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This Summer...Nature One, Man Zero

Posted 2015-08-03

When it comes to battling the elements, ‘nature’ always has the upper hand. Area farmers and local gardeners have all seen their crops affected negatively by flooding rains and oppressive heat, causing damage on many levels.

The crop of turf has also suffered this year in many ways. The top (or bottom) three are:

  • CRABGRASS – Spring pre-emergent has done its thing. The 3 month residual effect is spent. With our cool-season grasses suffering in the summer heat, late-season crabgrass is now germinating, especially in bare/thin areas of turf and on edges where poor soil, radical edging practices, and excessive heat from abutting concrete/asphalt surfaces compound the stress issues. While there are some post-emergents available that can suppress late-season crabgrass to a point, ultimately a good fall frost will effectively kill any rogue crabgrass plants that surfaced this year and give us a clean slate to work with next spring.
  • YELLOW NUTSEDGE – Also called ‘nut grass, ‘water grass’ and ‘swamp grass’. While it looks like a lime-green grass that grows 4x faster than regular turf, yellow nutsedge is not a grass. Sedge actually grows from a very small bulb called a nutlet. A mature nutsedge plant can produce many dozen new nutlets on its root system, which is why the plant is generally seen growing in dense patches, as this individual-looking plant is actually connected to many other plants by a delicate but intense root system. Selective herbicides can greatly decrease its numbers. However, dormant nutlets may remain unaffected by foliar applications and come alive next season, when the cycle starts all over again.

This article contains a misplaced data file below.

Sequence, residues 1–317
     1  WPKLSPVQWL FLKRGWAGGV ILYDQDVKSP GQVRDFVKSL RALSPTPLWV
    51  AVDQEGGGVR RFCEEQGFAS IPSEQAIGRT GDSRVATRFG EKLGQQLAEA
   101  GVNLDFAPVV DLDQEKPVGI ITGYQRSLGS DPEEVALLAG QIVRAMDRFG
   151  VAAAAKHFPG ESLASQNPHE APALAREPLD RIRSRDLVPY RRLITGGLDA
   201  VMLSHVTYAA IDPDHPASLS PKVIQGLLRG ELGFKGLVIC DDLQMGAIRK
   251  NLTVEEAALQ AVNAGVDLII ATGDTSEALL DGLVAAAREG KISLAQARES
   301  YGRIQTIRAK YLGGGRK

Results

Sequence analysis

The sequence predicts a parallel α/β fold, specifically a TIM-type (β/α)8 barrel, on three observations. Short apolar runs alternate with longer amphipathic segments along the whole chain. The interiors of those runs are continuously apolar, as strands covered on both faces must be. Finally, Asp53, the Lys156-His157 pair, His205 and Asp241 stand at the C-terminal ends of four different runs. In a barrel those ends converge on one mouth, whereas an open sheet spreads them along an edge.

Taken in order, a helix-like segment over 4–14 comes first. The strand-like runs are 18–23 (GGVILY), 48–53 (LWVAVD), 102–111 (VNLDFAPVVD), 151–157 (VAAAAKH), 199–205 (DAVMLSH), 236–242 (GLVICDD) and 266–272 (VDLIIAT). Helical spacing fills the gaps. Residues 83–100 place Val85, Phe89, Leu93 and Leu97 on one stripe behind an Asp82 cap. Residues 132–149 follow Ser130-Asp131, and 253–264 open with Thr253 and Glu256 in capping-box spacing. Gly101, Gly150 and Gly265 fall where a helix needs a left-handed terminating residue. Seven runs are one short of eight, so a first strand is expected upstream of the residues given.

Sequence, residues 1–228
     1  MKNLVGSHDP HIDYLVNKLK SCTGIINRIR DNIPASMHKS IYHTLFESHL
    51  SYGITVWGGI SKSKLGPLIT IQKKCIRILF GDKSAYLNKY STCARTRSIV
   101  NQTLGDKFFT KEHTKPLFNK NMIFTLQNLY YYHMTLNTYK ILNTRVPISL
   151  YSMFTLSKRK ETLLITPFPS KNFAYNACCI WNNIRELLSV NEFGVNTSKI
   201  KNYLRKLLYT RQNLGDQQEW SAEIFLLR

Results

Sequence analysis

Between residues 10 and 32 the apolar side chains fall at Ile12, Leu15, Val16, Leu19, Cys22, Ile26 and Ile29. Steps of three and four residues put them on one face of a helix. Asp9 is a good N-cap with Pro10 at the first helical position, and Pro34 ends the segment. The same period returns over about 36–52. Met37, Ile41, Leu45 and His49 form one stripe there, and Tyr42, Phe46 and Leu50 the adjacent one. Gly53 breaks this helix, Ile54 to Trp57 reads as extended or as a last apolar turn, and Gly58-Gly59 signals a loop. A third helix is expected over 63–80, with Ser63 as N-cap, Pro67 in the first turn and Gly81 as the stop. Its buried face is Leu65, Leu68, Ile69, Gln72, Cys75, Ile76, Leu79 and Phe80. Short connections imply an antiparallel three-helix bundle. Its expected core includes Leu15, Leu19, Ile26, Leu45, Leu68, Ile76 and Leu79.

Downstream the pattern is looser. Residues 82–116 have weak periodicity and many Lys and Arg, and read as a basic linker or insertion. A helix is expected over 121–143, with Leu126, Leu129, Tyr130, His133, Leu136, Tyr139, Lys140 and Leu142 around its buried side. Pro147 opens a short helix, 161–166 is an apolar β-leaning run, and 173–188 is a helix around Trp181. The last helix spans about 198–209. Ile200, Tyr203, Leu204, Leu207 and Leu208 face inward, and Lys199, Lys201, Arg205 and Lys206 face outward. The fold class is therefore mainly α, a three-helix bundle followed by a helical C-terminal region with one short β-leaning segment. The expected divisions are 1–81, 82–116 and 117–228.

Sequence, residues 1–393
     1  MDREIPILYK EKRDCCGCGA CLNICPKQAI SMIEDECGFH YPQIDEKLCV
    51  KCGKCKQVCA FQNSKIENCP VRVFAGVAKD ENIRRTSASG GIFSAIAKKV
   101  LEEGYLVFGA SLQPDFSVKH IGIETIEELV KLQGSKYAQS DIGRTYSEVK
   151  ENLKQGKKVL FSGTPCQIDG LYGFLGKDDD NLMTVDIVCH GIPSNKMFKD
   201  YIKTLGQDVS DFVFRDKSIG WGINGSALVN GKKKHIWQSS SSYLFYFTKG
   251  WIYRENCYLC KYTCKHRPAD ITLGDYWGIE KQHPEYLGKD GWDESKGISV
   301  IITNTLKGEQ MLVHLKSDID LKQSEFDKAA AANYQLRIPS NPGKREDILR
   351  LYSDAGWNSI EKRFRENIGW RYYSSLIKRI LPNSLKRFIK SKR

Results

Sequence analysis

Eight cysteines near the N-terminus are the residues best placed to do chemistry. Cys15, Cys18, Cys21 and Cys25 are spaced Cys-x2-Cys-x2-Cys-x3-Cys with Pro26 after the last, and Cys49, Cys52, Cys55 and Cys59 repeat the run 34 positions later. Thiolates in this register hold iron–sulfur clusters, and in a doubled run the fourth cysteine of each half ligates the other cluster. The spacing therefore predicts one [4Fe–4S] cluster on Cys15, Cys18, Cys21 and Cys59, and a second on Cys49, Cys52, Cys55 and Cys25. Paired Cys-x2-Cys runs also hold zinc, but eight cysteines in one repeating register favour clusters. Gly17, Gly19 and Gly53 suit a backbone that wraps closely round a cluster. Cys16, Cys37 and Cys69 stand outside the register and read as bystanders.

• DALLIS GRASS & JOHNSON GRASS – These perennial grasses come up year after year from a tuberous root system and are not controlled with pre-emergent. Limited products are available  to suppress this plant. Shy of glyphosate (Round-Up) total kill herbicides, anyone experiencing these undesirable wide-bladed grasses will generally have an ongoing battle on their hands.
  • BROWN/DEAD SPOTS – Showing up in great numbers and size variations. Brown spots are caused by many things, including dog urine, a hot lawn tractor (tires, engine, exhaust), garbage cans or lids left out to bake all day, the list is endless. Again, ‘nature’ has played the trump card. Extreme heat and record rainfall have created the perfect storm for lawn diseases (fungus) in great quantity. At least 6 different diseases are active at the moment on everything from bluegrass to Bermuda grass. Usually, dead spots will recover. In a few cases, and especially in newer turf, the damage can be more severe and may require a certain amount of fall renovation. Fungicides can be applied, but are expensive and still limited in their effectiveness. A local golf course manager recently stated that they are applying a fungicide on the golf greens every 14 days, and still there is disease activity showing.

If you long for greener turf, think fall! The cooler temperatures will be here soon enough, and most of our current problems will come to a screeching halt. Proper seeding (if needed) and fall fertilization will also help lawns to recover at that time